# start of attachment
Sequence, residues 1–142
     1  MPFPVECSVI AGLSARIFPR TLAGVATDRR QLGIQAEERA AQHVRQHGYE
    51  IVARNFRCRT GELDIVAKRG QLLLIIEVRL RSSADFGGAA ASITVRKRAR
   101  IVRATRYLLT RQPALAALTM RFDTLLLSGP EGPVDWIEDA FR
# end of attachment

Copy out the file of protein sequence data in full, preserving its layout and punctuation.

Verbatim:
Sequence, residues 1–142
     1  MPFPVECSVI AGLSARIFPR TLAGVATDRR QLGIQAEERA AQHVRQHGYE
    51  IVARNFRCRT GELDIVAKRG QLLLIIEVRL RSSADFGGAA ASITVRKRAR
   101  IVRATRYLLT RQPALAALTM RFDTLLLSGP EGPVDWIEDA FR